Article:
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Mike White, Guanacaste

Who are you?

Mike White, Founder of The Happy Rollers (helping people move to Costa Rica so they can experience the same incredible country as I do every day).

Where, when and why did you move abroad?

I moved to the Guanacaste region in Costa Rica with my wife, two daughters (3 & 6) and cat in July 2019.We considered Costa Rica previously, but never pulled the trigger. This time around the stakes were heightened – with two young daughters, time was just flying and we knew we only had a small window of time to do something adventurous as a family while the girls were still young. So many benefits to Costa Rica, but what pushed us over the edge is really the focus on family as our #1 value and priority.

What challenges did you face during the move?

It’s just complicated to try and figure everything out at once. What helped is focusing on the big bucket items (i.e. healthcare, legal / residency, education, insurance, etc) and leaving the details (i.e. transportation, phone plans, etc) until we crossed those bridges. What most expats in our situation have the biggest risk and challenge with is establishing some form of income to support their new Pura Vida lifestyle.

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How did you find somewhere to live?

We knew the country fairly well due to several previous trips, so we knew Guanacaste was where we felt most excited about.

We had some family members move the year before us, so we were heavily influenced to move near them, however we reached out to realtors to get a more complete picture of the properties and neighborhoods in the area we had decided to move.

Ultimately, we used the ’Tuesday Night’ rule to make the decision. That is, on a typical Tuesday night after work / school, when there is a small window of time to do something, what is it that we will do if we lived in property A vs property B.

We also decided to rent at first – moving internationally and all of the other elements was enough to bite off at once, property will always be for sale so we decided to hold off on purchasing for another day.

Are there many other expats in your area?


What is your relationship like with the locals?

Good. The community we are in does a good job of supporting and integrating with local people, families and businesses. Knowing Spanish is very helpful too.

What do you like about life where you are?

The simplicity with primary focus on family and health. It’s not that everything is easy, but it is a more simplified lifestyle in which we can focus on what’s most important to our family without the constant tug of distractions.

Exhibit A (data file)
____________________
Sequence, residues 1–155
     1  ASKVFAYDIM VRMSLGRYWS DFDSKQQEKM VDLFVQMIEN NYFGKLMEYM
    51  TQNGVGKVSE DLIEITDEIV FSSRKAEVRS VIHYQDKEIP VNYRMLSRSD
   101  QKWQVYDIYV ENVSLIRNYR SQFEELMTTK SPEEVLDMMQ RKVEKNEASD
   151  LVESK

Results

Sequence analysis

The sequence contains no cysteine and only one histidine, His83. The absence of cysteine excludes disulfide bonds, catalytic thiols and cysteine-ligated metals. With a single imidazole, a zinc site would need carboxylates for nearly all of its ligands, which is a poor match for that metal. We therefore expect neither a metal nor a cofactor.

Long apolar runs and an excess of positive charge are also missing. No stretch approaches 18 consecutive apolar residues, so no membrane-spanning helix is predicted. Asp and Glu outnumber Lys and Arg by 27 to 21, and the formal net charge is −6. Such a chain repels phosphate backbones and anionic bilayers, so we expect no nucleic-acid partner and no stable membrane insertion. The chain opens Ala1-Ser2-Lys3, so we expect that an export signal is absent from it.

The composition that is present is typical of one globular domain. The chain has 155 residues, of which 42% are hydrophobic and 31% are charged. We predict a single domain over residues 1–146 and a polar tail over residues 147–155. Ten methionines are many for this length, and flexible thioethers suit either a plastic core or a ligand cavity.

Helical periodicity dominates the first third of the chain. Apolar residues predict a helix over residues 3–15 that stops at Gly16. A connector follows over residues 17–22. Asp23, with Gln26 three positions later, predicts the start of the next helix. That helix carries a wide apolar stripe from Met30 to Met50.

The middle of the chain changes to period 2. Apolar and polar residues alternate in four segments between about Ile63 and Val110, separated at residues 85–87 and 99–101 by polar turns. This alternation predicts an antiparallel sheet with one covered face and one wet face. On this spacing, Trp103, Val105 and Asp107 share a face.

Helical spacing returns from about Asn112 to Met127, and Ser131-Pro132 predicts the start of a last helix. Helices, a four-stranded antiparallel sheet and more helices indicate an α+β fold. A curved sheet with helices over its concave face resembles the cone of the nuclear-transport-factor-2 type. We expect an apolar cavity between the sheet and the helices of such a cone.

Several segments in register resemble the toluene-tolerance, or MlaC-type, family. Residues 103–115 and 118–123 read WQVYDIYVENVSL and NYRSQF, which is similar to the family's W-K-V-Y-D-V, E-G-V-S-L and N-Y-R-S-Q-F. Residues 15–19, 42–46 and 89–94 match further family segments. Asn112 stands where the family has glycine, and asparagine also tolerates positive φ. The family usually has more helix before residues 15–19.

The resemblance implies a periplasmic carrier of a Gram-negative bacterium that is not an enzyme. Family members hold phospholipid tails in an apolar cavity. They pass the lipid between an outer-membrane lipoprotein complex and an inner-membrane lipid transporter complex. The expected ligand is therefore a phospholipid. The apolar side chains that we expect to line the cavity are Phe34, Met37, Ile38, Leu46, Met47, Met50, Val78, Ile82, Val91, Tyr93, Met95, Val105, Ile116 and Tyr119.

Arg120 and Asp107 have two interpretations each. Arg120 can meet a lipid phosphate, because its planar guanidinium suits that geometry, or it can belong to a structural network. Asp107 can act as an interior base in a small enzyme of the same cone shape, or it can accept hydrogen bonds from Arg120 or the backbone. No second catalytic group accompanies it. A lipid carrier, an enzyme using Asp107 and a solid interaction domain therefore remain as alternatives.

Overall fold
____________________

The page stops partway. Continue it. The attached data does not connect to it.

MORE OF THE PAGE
What do you dislike about your expat life?

Wow, I had to think about this one.

I’ll say that there’s a charm about most of my complaints, which makes the experience of living in Costa Rica unique. But roads can be terrible, people are often late, businesses can be unreliable.

What is the biggest cultural difference you have experienced between your new country and life back home?

I visited home for three weeks in December and had some quality time with family. When driving in the midwest (US), I was given the finger three times, and amazed because I wasn’t driving like a jerk. I’m one of those, ‘it’s never my fault, I’m a great driver’-type people, but even if I was at fault I think giving someone the finger is a pretty bold thing to do. I realized, the way we treat other people is really terrible.

Maybe I got soft on the road after moving to CR, but I’ve come to appreciate the “we’re all in this together” sense I get in Costa Rica. Definitely a positive cultural difference.

What do you think of the food and drink in your new country? What are your particular likes or dislikes?

Personally I enjoy the food, but I recognize that Costa Rica is not known for its food, like some other countries (i.e. Italy). Fruits and veggies are fresh. Rice and beans are staples. There are some great restaurants, some not-so-great. A healthy diet is what’s most important to me (primarily a whole food plant-based diet) and I have no trouble finding healthy food.

What advice would you give to anyone following in your footsteps?

There’s a lot to talk about here and everybody is different. I’ve over-analyzed everything associated with moving to Costa Rica and consult on the topic, providing personalized advice. In my experience, there are three phases and I have specific advice for each phase.

Phase 1 (thinking about moving to Costa Rica) – consider the big bucket / most important things about the move without thinking about the details. Take a visit (or a few) to get a sense before moving. Whatever you do, make a decision (move or not) consciously… don’t let it linger.

Phase 2 (ready to make a decision) – If you’ve done your homework, now is the time to simplify. Try to cut through all of the complications and minutiae and make the decision based on your personal values. In five years, what decision would you regret, moving or not moving? Also, just do it… Costa Rica is awesome but you can always move back if it doesn’t work out.

Phase 3 (I’ve decided to move) – Get a buddy / mentor in Costa Rica to help guide your move.

What are your plans for the future?

Stay in Costa Rica as long as we’re happy. No plans to move – we’re happy, healthy and having an incredible family adventure.

You can keep up to date with Mike's adventures on The Happy Rollers, and on Instagram.

Would you like to share your experience of life abroad with other readers? Answer the questions here to be featured in an interview!

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